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Only allow script to run or get request from the PHP files on the web server.

  • For eg. you have a file on your web-sever http://example.com/libs/comment.php
  • Only allow other PHP,or JS file get request from this file (means run this file and perform desired result)
  • If any user try a direct access to this file he/she will get error or 404 any other message

Here this comment.php is just an example. The libs folder contains lots of files, and the above applies to all of them. My preference is to use a .htacces method or a mode-rewrite of the folder like 666,777 etc. I know this is not a real questions aksing just to improve security make almost sercure sites.

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I guess people at serverfault.com can help you out better than we can... –  rsplak Jul 13 '12 at 9:12
@rsplak oops. some other can try. thanks for info –  Basic Bridge Jul 13 '12 at 9:13

4 Answers 4

If the browser can access it via <script> or <style>, so can the user.

If you only want the server to access it, pull it out of the public directory, to make it web-inaccessible.

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i agree with you but it's not possible to all the files out of the server directory. –  Basic Bridge Jul 13 '12 at 9:14
Although what you say is true, I don't see what php files have to do with <script> or <style> tags. –  MvG Jul 14 '12 at 20:16
@MvG: He wants JavaScript files to be able to access it, but users don't. Which is impossible. –  Second Rikudo Jul 14 '12 at 21:07
@Truth, thanks for the comment; it seems I completely missed the part about “or JS”. –  MvG Jul 15 '12 at 11:33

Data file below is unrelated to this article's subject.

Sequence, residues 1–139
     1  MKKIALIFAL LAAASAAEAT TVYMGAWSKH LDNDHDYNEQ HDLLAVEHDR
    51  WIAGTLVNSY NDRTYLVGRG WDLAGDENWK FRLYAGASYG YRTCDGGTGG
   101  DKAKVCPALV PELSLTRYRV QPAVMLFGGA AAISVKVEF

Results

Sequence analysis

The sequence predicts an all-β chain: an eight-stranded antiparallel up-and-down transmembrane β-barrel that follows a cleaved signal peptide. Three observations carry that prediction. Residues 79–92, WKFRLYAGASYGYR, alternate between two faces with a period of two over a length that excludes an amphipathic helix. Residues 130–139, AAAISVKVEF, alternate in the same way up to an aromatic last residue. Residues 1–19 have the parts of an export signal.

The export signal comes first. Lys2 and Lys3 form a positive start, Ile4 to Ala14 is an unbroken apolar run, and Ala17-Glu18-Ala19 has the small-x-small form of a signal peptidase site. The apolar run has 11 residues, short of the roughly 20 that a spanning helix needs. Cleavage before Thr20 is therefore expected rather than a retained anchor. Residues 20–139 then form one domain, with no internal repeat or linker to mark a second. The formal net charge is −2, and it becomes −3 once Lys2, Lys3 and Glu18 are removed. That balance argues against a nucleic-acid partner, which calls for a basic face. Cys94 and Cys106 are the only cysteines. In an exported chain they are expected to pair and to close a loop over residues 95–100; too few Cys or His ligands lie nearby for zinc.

Well, the simplest way to do this, is define a constant in your front controller (presumably, index.php):

define('SECURE', true);

Then, test for it at the beginning of any included file:

!defined('SECURE') and exit;

This will prevent any client side access (including calling assets from the page, via JavaScript, or src attributes; everything really)

Other provisions best be made for security, as recommended in other answers.

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this can be little complex. if you have sessions to work with –  Basic Bridge Jul 13 '12 at 9:15
@BasicBridge How do sessions add complexity? –  Dan Lugg Jul 13 '12 at 9:17
While this would work, having to edit each and every file doesn't really sound like “the simplest way” to me. –  MvG Jul 14 '12 at 20:17
@MvG Really? Recursive directory search and replace: (?-m)^<\?php with <?php !defined('SECURE') and exit;. Alternatively, you can match \A (instead of (?-m)^). These expressions will match the first <?php only. This all depends on your coding style and, as always, your mileage may vary. –  Dan Lugg Jul 14 '12 at 23:21

You already mention .htaccess in your question. Simply create such a file in your libs directory and enter the following directives:

Order allow, deny
Deny from all

See the manual for details about the Order and Deny directives.

Note that the error would be 403 Forbidden instead of 404 Not Found.

Note that this will deny all access via HTTP to the files in your libs dir. Your other PHP files can include or require those files, as this is a purely server-side operation. If you for some reason need one PHP script to execute another via HTTP, then you could change the oder to deny, allow and also add a line Allow from in order to allow local requests to proceed. But I doubt you'd have your PHP scripts talking to one another via HTTP.

If you need JavaScript documents on the client side to not access these files, then this cannot reasonably be done: anything the client broser can do, the client can do without executing your code, at least without executing all of it the way you inteded it to. There is a question on how to restrict access to a PHP file which discuss some steps to prevent easy vandalism, but none of these will keep determined hackers from using your scripts.

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will look forward on this. thanks –  Basic Bridge Jul 14 '12 at 13:57

you can define a constant before including the said file. Something like:

    define('MY_CONSTANT', 1);

Then inside the comment.php you can put something like this:

    if(!defined('MY_CONSTANT')) {
       header("Status: 404 Not Found");

More or less you would have the same effect as the one you describe.

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